Decision support. The electronic health record (EHR) may be an underexplored resource to reduce unnecessary lab tests. Through EHRs, clinical care teams can gather information from a patient's visit in real time and track lab tests with a click of a button. EHRs can also provide decision support at the point of entry and restrict tests to specific locations, patient populations, or ordering clinicians. The support tools can include rules on frequency (e.g., daily labs), sex-specific tests (e.g., prostate-specific antigen), costly send-out tests (e.g., genetics), and many more. They are typically vetted by decision support committees that determine the best approach to implementation. There are also additional third-party decision support systems that can be incorporated into EHRs. However, these systems are in the early stages of development; it is therefore important that organizations evaluate and validate support tools before full adoption. Regardless of internal or external options, a well-designed decision support system may help clinicians make better use of laboratory tests, but more data is needed.
Education. Interventions focused solely on education have found mixed results. Educating clinicians commonly leads to an initial decrease in laboratory ordering practices, but the approach lacks sustainability. There is evidence that resident trainees are particularly prone to overutilization of common laboratory tests, which is not surprising given the known association between diagnostic uncertainty and increased laboratory ordering. Additionally, a recent study found that nurses and advanced-practice clinicians may be more prone to overutilization of common laboratory tests compared with residents and attending physicians. We recommend educational initiatives at all levels. Medical students should be taught principles of high-value care, and attending physicians should role-model high-value practices for residents. At the University of Virginia School of Medicine, we have developed a case-based introduction to laboratory medicine curriculum for first- and second-year medical students and are using the SOAP-V (Subjective, Objective, Assessment, Plan, Value) framework as an assessment tool for Entrustable Professional Activity 3 (EPA3) on clerkship. The High Value Practice Academic Alliance (http://hvpaa.org) provides a number of resources to guide teaching in addition to the Choosing Wisely guidelines.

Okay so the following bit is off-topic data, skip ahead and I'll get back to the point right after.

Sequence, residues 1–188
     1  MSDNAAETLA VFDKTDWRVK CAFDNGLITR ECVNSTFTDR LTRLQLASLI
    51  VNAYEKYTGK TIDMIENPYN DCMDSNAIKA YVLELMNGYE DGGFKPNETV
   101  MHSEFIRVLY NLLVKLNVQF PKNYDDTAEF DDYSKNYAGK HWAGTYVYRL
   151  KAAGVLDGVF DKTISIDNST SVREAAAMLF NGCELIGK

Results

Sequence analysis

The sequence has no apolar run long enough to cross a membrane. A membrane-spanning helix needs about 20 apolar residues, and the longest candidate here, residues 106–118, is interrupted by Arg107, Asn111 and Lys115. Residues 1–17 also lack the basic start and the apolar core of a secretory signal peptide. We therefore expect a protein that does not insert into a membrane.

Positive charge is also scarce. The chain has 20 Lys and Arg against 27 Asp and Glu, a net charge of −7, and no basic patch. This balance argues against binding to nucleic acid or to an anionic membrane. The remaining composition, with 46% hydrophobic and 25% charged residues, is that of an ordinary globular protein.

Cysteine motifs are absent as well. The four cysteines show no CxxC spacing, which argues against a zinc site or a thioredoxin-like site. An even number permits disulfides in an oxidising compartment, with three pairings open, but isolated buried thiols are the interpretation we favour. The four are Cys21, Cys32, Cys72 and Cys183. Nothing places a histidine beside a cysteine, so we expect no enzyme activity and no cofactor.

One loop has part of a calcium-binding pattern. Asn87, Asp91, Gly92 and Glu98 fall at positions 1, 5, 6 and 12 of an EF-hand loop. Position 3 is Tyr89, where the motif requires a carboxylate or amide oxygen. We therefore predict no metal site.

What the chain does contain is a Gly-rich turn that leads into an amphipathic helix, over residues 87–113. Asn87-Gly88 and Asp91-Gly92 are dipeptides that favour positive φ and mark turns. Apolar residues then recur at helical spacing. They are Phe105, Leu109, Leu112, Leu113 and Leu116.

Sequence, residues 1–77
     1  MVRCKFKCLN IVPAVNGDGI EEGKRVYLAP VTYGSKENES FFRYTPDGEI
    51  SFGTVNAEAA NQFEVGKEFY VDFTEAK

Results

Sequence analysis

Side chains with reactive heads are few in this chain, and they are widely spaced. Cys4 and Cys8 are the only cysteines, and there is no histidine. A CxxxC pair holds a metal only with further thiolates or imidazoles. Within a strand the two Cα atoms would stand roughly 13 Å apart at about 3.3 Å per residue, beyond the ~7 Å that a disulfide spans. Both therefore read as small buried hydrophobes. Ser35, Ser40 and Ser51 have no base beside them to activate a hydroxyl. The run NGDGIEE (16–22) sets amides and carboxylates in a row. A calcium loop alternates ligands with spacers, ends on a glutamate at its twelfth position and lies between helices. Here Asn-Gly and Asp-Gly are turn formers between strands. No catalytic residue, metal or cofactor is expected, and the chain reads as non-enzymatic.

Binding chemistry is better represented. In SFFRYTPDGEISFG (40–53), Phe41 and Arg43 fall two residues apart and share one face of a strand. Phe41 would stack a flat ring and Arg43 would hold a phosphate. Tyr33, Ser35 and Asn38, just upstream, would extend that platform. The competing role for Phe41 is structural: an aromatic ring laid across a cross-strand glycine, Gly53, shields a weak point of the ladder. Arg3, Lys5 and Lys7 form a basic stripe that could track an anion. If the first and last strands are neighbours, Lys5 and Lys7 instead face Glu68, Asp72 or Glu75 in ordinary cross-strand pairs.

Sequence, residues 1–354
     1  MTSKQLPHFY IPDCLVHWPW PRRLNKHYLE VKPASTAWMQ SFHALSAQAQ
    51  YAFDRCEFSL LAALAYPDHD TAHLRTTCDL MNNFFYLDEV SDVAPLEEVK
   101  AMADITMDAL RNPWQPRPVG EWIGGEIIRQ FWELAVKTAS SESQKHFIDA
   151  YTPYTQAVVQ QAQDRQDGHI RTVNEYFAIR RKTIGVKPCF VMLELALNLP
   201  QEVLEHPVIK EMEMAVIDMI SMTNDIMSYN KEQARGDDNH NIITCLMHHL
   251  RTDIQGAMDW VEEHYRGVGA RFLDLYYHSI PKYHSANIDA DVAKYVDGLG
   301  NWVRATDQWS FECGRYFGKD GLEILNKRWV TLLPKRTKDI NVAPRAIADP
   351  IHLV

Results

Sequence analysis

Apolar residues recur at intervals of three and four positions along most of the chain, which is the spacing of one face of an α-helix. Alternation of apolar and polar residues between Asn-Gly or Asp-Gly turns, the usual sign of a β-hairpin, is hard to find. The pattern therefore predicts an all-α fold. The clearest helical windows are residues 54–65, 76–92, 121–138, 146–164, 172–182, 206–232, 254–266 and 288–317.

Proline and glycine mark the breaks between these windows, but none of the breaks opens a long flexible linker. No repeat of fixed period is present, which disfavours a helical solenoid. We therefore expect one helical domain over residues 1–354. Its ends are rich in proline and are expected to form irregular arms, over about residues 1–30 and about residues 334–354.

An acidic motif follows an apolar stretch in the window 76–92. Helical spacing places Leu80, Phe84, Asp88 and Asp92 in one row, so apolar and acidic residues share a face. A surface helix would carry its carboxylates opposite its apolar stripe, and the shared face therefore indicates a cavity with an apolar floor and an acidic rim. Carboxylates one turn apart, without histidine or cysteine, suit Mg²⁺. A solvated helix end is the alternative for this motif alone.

Formulary. Many institutions have developed and implemented a laboratory formulary committee to eliminate unnecessary laboratory testing. Laboratory formularies are typically modeled after the Pharmacy and Therapeutics committee (P&T committee), which is often tasked with determining whether a specific medication or treatment should be added to the pharmacy formulary. Similar to the P&T committee, laboratory formularies carefully review diagnostic laboratory tests offered and supportive literature to determine the appropriateness or inappropriateness in their respective patient populations.
The University of Rochester has demonstrated great success with their formulary, which relies on a tiered testing approach (see table below).
Tiered Test Features of the University of Rochester’s Laboratory Formulary
|Tier 1||Tier 2||Tier 3|
|Description||Common tests with clear and well-proven clinical utility||More specialized tests with narrow clinical indication||Unclear, controversial tests, poorly proven or with very limited clinical indications|
|Ordering Requirements||No restrictions||Restricted to subspecialties||Restricted to subspecialties; Laboratory Diagnostic Committee approval required|
|Examples||Cystic fibrosis 32 mutations; thyroid-stimulating hormone receptor antibody||1,25-Dihydroxy Vitamin D; fecal pancreatic elastase||Hepatitis C recombinant immunoblot assay; β-Thalassemia gene|
In the first year of implementation of this approach, the University of Rochester was able to reduce send-out test volumes with initial savings of approximately half a million dollars. Other institutions have adopted a similar tiered approach, including Vanderbilt University Medical Center, which has reported institutional savings of more than $1 million. The success of these two programs relied heavily on institutional buy-in as well as a widespread membership that includes representatives from inside and outside the laboratory.
The most effective interventions for reducing repetitive laboratory testing are multimodal, combining a number of the approaches described above in an effort to produce meaningful and sustainable advances. Targeting academic institutions for improvement interventions would seem to be the most effective and efficient means of effecting change, but all institutions should seek high-level buy-in to begin or enhance improvement initiatives specific to their own needs. We hope clinicians and laboratorians will find the above approaches useful in these endeavors.